This book’s setting was very unique compared to other YA stories being published currently. It had Russian culture (and some Russian words were thrown in there as well), but went under the name Ravka. The barren landscape and the Shadow Fold (known on maps as the Unsea) made for a very interesting landscape.

I can’t wait for the sequel!

The One and Only Ivan


I really loved this book, and can definitely see why it won the Newbery.

This book was written from the viewpoint of a gorilla, The One and Only Ivan, who has been imprisoned in a sorry mall for the past twenty-seven years. He barely remembers his childhood in the jungle and doesn’t give much thought to wanting to escape the mall. After all, he is fed, and his friends Stella the elephant and Bob the dog are there.

But when baby elephant Ruby arrives at the zoo, he knows something has to change so that she can have a happy life.

And so, with his artistic talent, he changes their lives.

The writing was amazing and simple, and it fully conveyed the feelings of all the characters. It is also a short read. (I finished it in a day.)

I loved the personalities of the characters. They all seemed so real. And when I found out that this book was a true story, it made me feel sad, yet hopeful that things can change for anyone, anytime, any place.

Before the story begins there is a quote: “It never too late to be what you might have been.” -Georeg Eliot. I think that conveys the theme of the entire story and fits every moment into those 11 words.
Definitely check out this book!

Liesl and Po


Liesl and Po, by Lauren Oliver, is amazing. When I was reading it, I knew I would have to review it, so here it is:

Eleven-year-old Liesl sees a ghost (Po) three days after her father dies. The same night, Will, an alchemist’s apprentice, screws up a delivery containing the most powerful magic in the world. This has a huge effect on all of their lives.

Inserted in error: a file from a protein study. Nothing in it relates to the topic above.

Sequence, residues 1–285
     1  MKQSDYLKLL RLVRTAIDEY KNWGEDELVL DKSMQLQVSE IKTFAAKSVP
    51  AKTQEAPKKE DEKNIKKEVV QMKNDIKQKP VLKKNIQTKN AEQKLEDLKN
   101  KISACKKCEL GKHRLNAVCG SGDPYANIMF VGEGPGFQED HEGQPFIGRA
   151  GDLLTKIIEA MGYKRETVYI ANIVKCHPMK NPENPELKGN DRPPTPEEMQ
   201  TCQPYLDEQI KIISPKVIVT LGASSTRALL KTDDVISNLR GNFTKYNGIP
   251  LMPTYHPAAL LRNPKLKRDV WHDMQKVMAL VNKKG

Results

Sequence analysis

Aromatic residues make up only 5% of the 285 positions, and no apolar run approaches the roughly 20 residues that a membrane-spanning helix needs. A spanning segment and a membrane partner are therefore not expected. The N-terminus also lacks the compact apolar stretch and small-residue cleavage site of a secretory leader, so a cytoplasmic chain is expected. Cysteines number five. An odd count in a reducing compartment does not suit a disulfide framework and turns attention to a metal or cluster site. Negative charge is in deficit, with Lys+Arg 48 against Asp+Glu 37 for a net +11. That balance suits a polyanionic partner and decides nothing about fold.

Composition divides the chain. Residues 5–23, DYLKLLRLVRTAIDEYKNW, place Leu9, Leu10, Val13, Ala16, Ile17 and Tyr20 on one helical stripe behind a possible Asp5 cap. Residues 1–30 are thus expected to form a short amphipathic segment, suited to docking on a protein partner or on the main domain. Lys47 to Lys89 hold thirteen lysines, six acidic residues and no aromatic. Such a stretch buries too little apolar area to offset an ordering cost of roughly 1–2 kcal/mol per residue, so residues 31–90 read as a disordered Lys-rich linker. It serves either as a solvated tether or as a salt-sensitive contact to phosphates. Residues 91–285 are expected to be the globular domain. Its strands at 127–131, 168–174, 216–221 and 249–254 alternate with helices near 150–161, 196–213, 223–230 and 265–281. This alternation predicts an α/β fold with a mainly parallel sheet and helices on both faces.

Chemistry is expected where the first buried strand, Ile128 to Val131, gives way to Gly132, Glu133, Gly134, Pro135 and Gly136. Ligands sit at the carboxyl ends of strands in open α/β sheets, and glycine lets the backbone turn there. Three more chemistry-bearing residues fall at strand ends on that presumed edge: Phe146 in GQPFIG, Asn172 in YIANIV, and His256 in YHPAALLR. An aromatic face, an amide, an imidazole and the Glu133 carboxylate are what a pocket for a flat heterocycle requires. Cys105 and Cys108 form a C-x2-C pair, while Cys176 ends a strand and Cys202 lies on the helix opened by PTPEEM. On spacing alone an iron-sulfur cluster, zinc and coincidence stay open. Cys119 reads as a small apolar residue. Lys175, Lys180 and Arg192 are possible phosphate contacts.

To me, the premise is excellent, and it turned out even better than I thought. Oliver’s writing was amazing, and really let you get into the story.

I also adored setting. It is a rather interesting setting. It’s rather steampunky, because the houses and clothes seem Victorian, but the characters also have things like kitchen sinks, toasters, and waffle irons. It takes place in this world as well, for some common countries and cities are mentioned.

The characters were developed very well and were in some cases outrageous, but for the most part lovable (yes, the villains are in included in that lovable.)

The author deftly weaves all these characters into a beautiful intricate web that all fits together in the end.

One of my favorite parts to this story were the trains. Liesl said that she loved trains, and that there whistles reminded her of birds, and oftentimes she imagined them with wings. Isn’t that beautiful?

The charcoal/pencil drawings were a perfect touch to this story, and brought so much character and interest to it.

Rebecca Stead said, “For me, this book was like a ride in a sleeping car on a fabulous train, one with deep, plush upholstery, shining brass window latches, and secret compartments; one where the bed slides out soundlessly and the sheets are not too new but not too old, and where small amazing cakes arrive regularly on lacquered trays while the night rushes by outside, the moon always visible.”

This is definitely my favorite modern-day fairytale.

Jeremy Fink and the Meaning of Life


I know that I already have a review for this book on my goodreads shelf, but I liked it so much that I thought that I might as well review it here:

I would definitely give this book five stars. I have read several books my Wendy Mass before, but this one is definitely my favorite. The book starts off by introducing Jeremy Fink and his best friend Lizzy. They get a box in the mail that says “The Meaning of Life, For Jeremy Fink to Open on His Thirteenth Birthday”. So he and Lizzy go on a hunt for four keys to unlock the meaning of life. There were some parts that made me laugh out loud, parts that made me put the book down so that I could think, and parts that I had to reread because they were so interesting. I really like the characters in this book. Jeremy Fink is the quirkiest character that I have ever read about. I also really enjoyed this book because it was  totally unique. I had never read anything like it and I know that it will never be accused of copying Harry Potter or something like that. So all I can say is that this book is a must-read!